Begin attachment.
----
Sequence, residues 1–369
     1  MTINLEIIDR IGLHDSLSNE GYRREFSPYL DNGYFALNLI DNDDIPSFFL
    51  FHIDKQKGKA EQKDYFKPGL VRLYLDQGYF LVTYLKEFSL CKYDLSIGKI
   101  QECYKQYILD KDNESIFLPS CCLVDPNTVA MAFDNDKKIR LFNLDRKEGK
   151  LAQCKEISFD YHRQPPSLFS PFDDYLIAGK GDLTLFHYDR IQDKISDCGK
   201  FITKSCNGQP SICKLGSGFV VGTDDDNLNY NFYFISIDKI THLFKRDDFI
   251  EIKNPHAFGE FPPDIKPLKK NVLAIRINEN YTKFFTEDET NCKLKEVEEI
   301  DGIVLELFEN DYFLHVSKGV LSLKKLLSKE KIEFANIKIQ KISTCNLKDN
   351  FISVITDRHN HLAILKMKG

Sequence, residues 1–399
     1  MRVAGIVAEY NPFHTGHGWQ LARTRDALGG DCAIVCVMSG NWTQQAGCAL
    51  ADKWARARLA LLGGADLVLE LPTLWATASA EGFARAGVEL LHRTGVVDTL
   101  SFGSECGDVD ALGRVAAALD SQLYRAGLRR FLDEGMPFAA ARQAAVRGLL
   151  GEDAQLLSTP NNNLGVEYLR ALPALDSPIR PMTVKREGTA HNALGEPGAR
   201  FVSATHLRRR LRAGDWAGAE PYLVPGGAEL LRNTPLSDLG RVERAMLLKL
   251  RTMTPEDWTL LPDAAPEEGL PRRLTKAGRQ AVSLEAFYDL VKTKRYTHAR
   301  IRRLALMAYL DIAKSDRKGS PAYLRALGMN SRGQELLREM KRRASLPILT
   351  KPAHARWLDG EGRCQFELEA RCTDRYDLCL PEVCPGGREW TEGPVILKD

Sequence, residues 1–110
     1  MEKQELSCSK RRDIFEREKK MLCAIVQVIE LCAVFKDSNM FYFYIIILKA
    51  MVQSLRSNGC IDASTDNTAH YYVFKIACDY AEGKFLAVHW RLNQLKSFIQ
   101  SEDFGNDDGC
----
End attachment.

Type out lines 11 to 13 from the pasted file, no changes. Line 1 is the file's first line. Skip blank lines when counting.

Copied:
     1  MRVAGIVAEY NPFHTGHGWQ LARTRDALGG DCAIVCVMSG NWTQQAGCAL
    51  ADKWARARLA LLGGADLVLE LPTLWATASA EGFARAGVEL LHRTGVVDTL
   101  SFGSECGDVD ALGRVAAALD SQLYRAGLRR FLDEGMPFAA ARQAAVRGLL